FlexProp: a complete programming system for P2 (and P1)

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  • I didn’t think the push/pop instructions or opcode changed between rev a and b???
  • Dave HeinDave Hein Posts: 6,204
    edited 2020-11-15 - 21:13:59
    PUSH/POP use PTRA or PTRB. The pointer encoding changed. However, it is possible to encode the pointer field so that it works for both Rev A and B as long as the index is between -16 and 15.
  • In C they push the registers onto the stack and pop them off when the function call is done.
    00514 045             | pushregs_
    00514 045 2B EC 63 FD |     pop  pa
    00518 046 2B 86 60 FD |     pop  RETADDR_
    0051c 047 04 84 94 FB |     tjz  COUNT_, #pushregs_done_
    00520 048 01 84 84 F1 |     sub  COUNT_, #1
    00524 049 28 84 60 FD |     setq COUNT_
    00528 04a 00 F1 64 FC |     wrlong local01, ptra
    0052c 04b 01 84 04 F1 |     add  COUNT_, #1
    00530 04c             | pushregs_done_
    00530 04c 02 84 64 F0 |     shl  COUNT_, #2
    00534 04d 42 F0 03 F1 |     add  ptra, COUNT_
    00538 04e 02 84 44 F0 |     shr  COUNT_, #2
    0053c 04f 28 04 64 FD |     setq #2 ' push 3 registers starting at COUNT_
    00540 050 61 85 64 FC |     wrlong COUNT_, ptra++
    00544 051 F8 89 00 F6 |     mov    fp, ptra
    00548 052 2C EC 63 FD |     jmp  pa
    0054c 053             |  popregs_
    0054c 053 2B EC 63 FD |     pop    pa
    00550 054 0C F0 87 F1 |     sub    ptra, #12
    00554 055 28 04 64 FD |     setq   #2
    00558 056 00 85 04 FB |     rdlong COUNT_, ptra
    0055c 057 06 84 94 FB |     tjz    COUNT_, #popregs__ret
    00560 058 02 84 64 F0 |     shl    COUNT_, #2
    00564 059 42 F0 83 F1 |     sub    ptra, COUNT_
    00568 05a 02 84 44 F0 |     shr    COUNT_, #2
    0056c 05b 01 84 84 F1 |     sub    COUNT_, #1
    00570 05c 28 84 60 FD |     setq   COUNT_
    00574 05d 00 F1 04 FB |     rdlong local01, ptra
    00578 05e             | popregs__ret
    00578 05e 2A 86 60 FD |     push   RETADDR_
    0057c 05f 2C EC 63 FD |     jmp    pa
    

    I believe the stq x with wrlong or rdlong is the issue here.

    Mike
  • Dave Hein wrote: »
    PUSH/POP use PTRA or PTRB. The pointer encoding changed. However, it is possible to encode the pointer field so that it works for both Rev A and B as long as the index is between -16 and 15.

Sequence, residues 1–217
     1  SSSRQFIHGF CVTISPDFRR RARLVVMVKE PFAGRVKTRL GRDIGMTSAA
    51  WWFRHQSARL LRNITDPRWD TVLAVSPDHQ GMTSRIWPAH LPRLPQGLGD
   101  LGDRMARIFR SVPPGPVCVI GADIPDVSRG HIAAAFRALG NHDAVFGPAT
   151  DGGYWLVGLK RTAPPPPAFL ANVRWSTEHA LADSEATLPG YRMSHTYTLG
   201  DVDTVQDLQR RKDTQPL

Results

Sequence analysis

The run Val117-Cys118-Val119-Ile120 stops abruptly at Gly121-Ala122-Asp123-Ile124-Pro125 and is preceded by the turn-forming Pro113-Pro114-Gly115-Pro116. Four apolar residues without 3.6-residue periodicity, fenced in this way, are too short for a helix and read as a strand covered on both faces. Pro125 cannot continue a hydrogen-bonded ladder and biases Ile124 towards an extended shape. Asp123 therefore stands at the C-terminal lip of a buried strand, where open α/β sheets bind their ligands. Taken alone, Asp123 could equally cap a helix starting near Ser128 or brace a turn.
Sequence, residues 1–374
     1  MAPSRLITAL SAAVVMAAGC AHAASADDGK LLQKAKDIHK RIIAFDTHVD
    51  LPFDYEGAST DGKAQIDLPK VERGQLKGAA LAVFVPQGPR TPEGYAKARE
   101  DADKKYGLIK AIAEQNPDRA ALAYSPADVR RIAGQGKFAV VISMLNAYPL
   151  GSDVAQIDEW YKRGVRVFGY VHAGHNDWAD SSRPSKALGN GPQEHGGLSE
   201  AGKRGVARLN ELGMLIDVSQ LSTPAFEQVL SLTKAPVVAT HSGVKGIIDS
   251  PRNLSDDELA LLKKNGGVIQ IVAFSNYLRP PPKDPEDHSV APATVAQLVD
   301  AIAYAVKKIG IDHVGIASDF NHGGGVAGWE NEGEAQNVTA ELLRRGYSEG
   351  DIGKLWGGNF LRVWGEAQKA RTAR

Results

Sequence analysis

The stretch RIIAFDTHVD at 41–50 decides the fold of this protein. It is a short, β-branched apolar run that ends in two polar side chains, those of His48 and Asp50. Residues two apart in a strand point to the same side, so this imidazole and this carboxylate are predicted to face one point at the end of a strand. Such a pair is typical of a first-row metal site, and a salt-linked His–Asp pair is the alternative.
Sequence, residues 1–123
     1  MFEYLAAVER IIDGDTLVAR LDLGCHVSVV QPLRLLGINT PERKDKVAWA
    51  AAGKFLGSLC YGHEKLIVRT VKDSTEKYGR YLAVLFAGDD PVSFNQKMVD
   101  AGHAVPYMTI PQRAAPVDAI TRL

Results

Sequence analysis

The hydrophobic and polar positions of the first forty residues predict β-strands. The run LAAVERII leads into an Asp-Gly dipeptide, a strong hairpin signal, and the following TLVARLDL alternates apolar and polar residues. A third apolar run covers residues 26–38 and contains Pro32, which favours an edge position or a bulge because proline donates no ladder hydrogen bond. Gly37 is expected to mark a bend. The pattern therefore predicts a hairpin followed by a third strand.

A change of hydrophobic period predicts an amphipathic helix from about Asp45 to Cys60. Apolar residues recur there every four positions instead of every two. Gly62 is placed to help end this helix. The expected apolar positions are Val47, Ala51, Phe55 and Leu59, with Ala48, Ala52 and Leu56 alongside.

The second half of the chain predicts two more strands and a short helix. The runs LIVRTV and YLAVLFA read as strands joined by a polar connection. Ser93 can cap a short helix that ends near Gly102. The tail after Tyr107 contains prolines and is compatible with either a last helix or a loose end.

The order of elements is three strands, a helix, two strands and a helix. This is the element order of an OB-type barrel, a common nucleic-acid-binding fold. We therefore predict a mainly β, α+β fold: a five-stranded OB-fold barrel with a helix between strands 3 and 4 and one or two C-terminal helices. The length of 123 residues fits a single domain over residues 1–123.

Aha. I didn't think push/pop changed, but of course these are simulated in C and yes, the PTRx modifiers were changed/fixed/improved.
  • RaymanRayman Posts: 11,485
    edited 2020-11-17 - 21:26:40
    I seem to have an issue with bool type and want to check...

    I have code like this:
        bool bMouseMoved = false;
    ...
            if (bMouseMoved)
            {
    ...
    

    That was working fine, but then started giving me errors like this:
    1>2BT_Demo.p2asm:2663: error: syntax error, unexpected ??
    

    Changing to this seemed to fix it:
    I have code like this:
        bool bMouseMoved = false;
    ...
            if (bMouseMoved==true)
            {
    ...
    

    Is the first type of usage supposed to work? Maybe that depends on exactly what kind of C you are using?
    I use this all the time in C++, but maybe one shouldn't in C?

    Actually, I think that pasm line suggests something else is the problem:
     if_??	cmp	_WaitMouseDown_bMouseMoved_0099, #0 wz
    
  • RaymanRayman Posts: 11,485
    edited 2020-11-17 - 21:56:57
    Seems like it is something to do with using a return inside a conditional structure messes it up...
    Compiles when this return is commented out:
        while (true)
        {
            CheckMouse();
            if (bLeftButtonDown)
            {
                printf("Left button Down!\n");
                //return;
            }
            if (bMouseMoved)
            {
    

    Putting any function call between the two if's fixes it. Changing return to break doesn't work. Changing the second "if" to "else if" also doesn't work...
    Removing the braces in the first if and just having "return" works...

    Update: I had a bug in my code where "bMouseMoved" was declared as both a local and a global variable. Making it just global also fixes this issue. So, maybe not a real issue?
  • Hi

    Just started using flexbasic on prop2.
    Lots of fun.
    I'm used to coding in propbasic and looking at the assembly code after to see if I could improve it for my particular use.
    There is no spi function natively on flexbasic as there is in propbasic so I coded something simple as follows-
    sub spiout(dval as ulong,bits as ubyte)
    	dim tmp1 as ulong
    	dim tmp2 as ubyte
    	tmp1=1<<(bits-1)	'bit mask msbit first
    	for tmp2=1 to bits	'output data bits
    '	do
    		if (dval and tmp1) = 0 then
    	  	output(dt) = 0
    		else
    			output(dt)=1
    		endif
    		tmp1=tmp1>>1		'put it here to allow a bit of data setup time
    		output(ck)=1		'strobe data in
    		output(ck)=0
    '	loop until tmp1=0	
    	next
    
    end sub		
    

    The first time I tried this I used the for/next loop and thought this code runs not much faster than the P1 in propbasic! in cog code- but much faster than lmm.